Now a century old, de Falla’s Siete canciones populares españolas are among the most widely-known Spanish compositions for voice. Still, despite espousal by Gérard Souzay and José Carreras, it is unusual to hear them sung by a male singer, and Mr. Hernando’s delicate but stirringly masculine timbre establishes an atmosphere in the canciones that is quite different from the sound worlds conjured in recorded performances by Victoria de los Ángeles, Teresa Berganza, Marilyn Horne, Joyce DiDonato, and Ailyn Pérez. Mr. Hernando’s cantorial timbre gives ‘El paño moruno’ an aptly Moorish sensibility, and ‘Seguidilla murciana’ is characterized by razor-sharp rhythmic precision from voice and keyboard. The distinctive harmonies of ‘Asturiana’ are realized with special fervor owing to Mr. Hernando’s reliably solid intonation. His accounts of ‘Jota’ and ‘Nana’ simmer with the aural representation of the earthy, quintessentially Spanish aroma of pimentón, but there is a compelling subtlety coursing beneath the surface of these interpretations of ‘Canción’ and ‘Polo.’ In the hands of many singers, the Siete canciones populares españolas are souvenirs of the ‘tourist’ Spain of cheap plastic castanets and mass-produced mantillas: revealingly, Mr. Hernando and Mr. Viribay treat them as the songs that Spaniards sing as they go about the business of their everyday lives.

The charms of Ravel’s Histoires naturelles, using texts by Pierre-Jules Renard, have never been more apparent than in the performances on this disc. Not even Souzay, Dietrich Fischer-Dieskau, or the brilliant Régine Crespin dove as deeply into the poetic waters of Ravel’s music and Renard’s texts: among recorded interpreters, only Jan DeGaetani rivals Mr. Hernando’s thoughtful traversal of Histoires naturelles. The pride tinged with regret evinced in ‘Le paon’ gushes from Mr. Hernando’s polished but edgy vocalism, and his alert singing of ‘Le grillon’ is complemented wonderfully by the chirruping virtuosity of Mr. Viribay’s playing. The urbane refinement of their account of ‘Le cygne’ is expected, but the humanity that they extract from the clever interplays of melody and harmony in ‘Le martin-pêcheur’ and ‘La pintade’ is extraordinary. This is a reading that reveals new facets of these sparkling songs.

It is frustrating that a poet as gifted as Paul Éluard remains more renowned outside of France for his wife—the infamous Gala, who eventually married Salvador Dalí—than for his own work. In an artistic utopia, Tel jour, telle nuit, Poulenc’s cycle using texts by Éluard, would contribute mightily to the restoration of the poet’s worldwide literary reputation. Few composers ever dealt with French texts as insightfully as Poulenc, and his sly manipulations of Éluard’s verses are as meaningfully layered as his Cocteau settings. The essence of Poulenc’s mastery of Art Song is simplicity, and both Mr. Hernando and Mr. Viribay look solely to the music for the cornerstones of their interpretations of these songs. They mine the lodes of feeling in ‘Bonne journée,’ ‘Une ruine coquille vide,’ and ‘Le front comme un drapeau perdu’ with explorers’ sense of adventure, and the forthright, unexaggerated sentiments of ‘Une roulotte couverte en tuiles,’ ‘À toutes brides,’ and ‘Une herbe pauvre’ receive from Mr. Hernando singing stripped of all artifice. He caresses Poulenc’s vocal lines in ‘Je n'ai envie que de t'aimer’ and pours out a stream of granitic tone in ‘Figure de force brûlante et farouche.’ There is no finer recorded example of Poulenc’s vocal music than Mr. Hernando’s and Mr. Viribay’s performance of ‘Nous avons fait la nuit,’ in which the significance of every note and word is meticulously assessed and rendered accordingly.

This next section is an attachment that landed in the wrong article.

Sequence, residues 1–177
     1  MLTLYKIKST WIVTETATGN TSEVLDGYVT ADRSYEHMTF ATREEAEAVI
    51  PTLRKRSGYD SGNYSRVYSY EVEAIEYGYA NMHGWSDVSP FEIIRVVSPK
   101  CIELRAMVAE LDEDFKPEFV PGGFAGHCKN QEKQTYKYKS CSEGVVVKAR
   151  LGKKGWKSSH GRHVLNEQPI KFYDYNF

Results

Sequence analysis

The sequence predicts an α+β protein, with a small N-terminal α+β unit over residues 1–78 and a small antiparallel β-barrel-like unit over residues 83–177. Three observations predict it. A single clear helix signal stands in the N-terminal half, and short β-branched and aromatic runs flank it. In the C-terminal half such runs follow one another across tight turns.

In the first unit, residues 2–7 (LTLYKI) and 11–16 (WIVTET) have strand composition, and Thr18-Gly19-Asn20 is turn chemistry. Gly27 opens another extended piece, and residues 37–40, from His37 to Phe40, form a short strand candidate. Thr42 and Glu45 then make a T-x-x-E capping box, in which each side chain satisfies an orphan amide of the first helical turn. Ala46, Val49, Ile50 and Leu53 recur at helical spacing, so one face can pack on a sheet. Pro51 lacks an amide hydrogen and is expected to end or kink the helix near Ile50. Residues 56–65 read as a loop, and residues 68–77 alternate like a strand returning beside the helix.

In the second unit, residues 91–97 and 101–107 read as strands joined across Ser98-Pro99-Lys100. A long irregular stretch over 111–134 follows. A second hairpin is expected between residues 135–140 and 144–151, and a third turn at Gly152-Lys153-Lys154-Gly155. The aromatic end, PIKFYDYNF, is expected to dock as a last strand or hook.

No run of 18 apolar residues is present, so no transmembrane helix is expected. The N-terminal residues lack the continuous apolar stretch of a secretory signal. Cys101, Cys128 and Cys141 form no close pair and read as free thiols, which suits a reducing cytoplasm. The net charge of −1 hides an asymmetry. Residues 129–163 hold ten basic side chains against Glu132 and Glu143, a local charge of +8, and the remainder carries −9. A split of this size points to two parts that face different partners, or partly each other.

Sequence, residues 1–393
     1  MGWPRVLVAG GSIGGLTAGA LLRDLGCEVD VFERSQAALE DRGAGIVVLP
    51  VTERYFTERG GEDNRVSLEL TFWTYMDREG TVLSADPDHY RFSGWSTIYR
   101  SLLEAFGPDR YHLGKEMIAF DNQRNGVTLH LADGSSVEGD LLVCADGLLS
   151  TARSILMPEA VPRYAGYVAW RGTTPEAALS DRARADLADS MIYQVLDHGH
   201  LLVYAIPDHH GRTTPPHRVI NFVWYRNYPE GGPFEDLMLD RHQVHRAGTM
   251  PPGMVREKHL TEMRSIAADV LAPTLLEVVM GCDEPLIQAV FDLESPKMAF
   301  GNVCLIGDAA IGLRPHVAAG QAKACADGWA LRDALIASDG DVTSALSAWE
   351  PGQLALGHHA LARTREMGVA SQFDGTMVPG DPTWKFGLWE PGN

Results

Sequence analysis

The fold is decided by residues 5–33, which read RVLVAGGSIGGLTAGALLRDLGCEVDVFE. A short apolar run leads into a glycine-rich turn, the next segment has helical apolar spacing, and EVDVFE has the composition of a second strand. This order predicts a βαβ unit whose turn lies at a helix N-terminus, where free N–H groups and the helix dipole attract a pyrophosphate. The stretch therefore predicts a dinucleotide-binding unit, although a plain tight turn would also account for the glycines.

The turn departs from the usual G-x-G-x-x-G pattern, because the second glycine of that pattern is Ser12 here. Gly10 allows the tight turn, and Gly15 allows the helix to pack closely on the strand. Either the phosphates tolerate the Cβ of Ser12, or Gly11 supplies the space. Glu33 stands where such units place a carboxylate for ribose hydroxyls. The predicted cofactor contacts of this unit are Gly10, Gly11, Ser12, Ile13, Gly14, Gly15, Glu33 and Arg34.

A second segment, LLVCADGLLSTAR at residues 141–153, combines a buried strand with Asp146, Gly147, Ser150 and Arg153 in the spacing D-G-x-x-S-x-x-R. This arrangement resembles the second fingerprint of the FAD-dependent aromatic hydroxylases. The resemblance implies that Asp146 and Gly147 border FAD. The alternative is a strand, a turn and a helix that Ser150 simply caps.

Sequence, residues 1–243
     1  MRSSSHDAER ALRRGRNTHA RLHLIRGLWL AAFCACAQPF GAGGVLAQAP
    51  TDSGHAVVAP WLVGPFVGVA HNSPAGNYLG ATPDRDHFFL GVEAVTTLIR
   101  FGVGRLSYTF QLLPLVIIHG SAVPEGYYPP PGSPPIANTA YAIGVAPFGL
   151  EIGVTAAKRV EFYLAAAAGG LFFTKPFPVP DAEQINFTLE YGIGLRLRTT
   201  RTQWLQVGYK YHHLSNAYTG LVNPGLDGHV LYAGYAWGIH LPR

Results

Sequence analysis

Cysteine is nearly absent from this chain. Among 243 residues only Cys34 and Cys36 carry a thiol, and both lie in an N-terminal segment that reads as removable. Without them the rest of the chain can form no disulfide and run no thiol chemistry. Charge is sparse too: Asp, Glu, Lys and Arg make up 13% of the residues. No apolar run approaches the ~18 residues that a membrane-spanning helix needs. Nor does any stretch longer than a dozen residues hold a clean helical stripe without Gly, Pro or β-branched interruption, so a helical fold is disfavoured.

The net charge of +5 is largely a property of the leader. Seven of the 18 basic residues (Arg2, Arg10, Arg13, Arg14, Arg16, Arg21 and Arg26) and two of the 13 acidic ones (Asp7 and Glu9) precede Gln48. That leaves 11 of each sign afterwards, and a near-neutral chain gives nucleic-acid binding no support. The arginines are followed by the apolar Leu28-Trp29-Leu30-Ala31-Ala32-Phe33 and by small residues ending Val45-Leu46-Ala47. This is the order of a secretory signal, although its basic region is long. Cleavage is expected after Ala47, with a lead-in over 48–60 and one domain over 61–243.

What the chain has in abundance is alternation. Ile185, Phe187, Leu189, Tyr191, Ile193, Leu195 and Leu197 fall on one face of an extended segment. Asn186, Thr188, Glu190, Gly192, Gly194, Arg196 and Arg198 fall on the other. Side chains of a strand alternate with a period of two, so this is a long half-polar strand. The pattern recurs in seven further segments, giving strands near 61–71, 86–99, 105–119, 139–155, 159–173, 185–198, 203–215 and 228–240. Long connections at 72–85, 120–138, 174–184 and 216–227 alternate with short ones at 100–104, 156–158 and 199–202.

Some of the imagery in the texts of Montsalvatge’s Cinco canciones negras is perhaps uncomfortable for modern listeners, but the composer’s music deserves to be heard far more frequently than it is, especially beyond the borders of Spain—and to be heard as it is performed on this disc. The starkness of the texts does not preclude flashes of humor from both artists. Mr. Viribay’s spirited playing of ‘Cuba dentre de un piano’ enhances Mr. Hernando’s singing, and they unite their talents in splendidly animated performances of ‘Punto de Habanera’ and ‘Chevere.’ The concluding ‘Canción de cuna para dormir a un negrito’ and ‘Canto negro’ are songs as fine as any composed in any language, but the comfort with Montsalvatge’s idiom showcased in Mr. Hernando’s sweetly resonant singing makes his presentation of the songs a luxuriously unique experience.

Après un rêve is a disc in which poetry and music interact in explosive collisions of passion and pageantry, but what makes it an exceptionally valuable recording is the quality of the music-making. The line ‘Je te soutiens de toutes mes forces’ from Poulenc’s and Éluard’s ‘Nous avons fait la nuit’ is an ideal description of the collaboration between Guzmán Hernando and Aurelio Viribay that makes Après un rêve so moving: each gentleman supports the other with every atom of his artistic constitution. The molecules that these artists form in their navigations of the songs of Fauré, de Falla, Ravel, Poulenc, and Montsalvatge expand in every phrase to metamorphose the elemental energy of song into a kinetic intimacy between music and listener.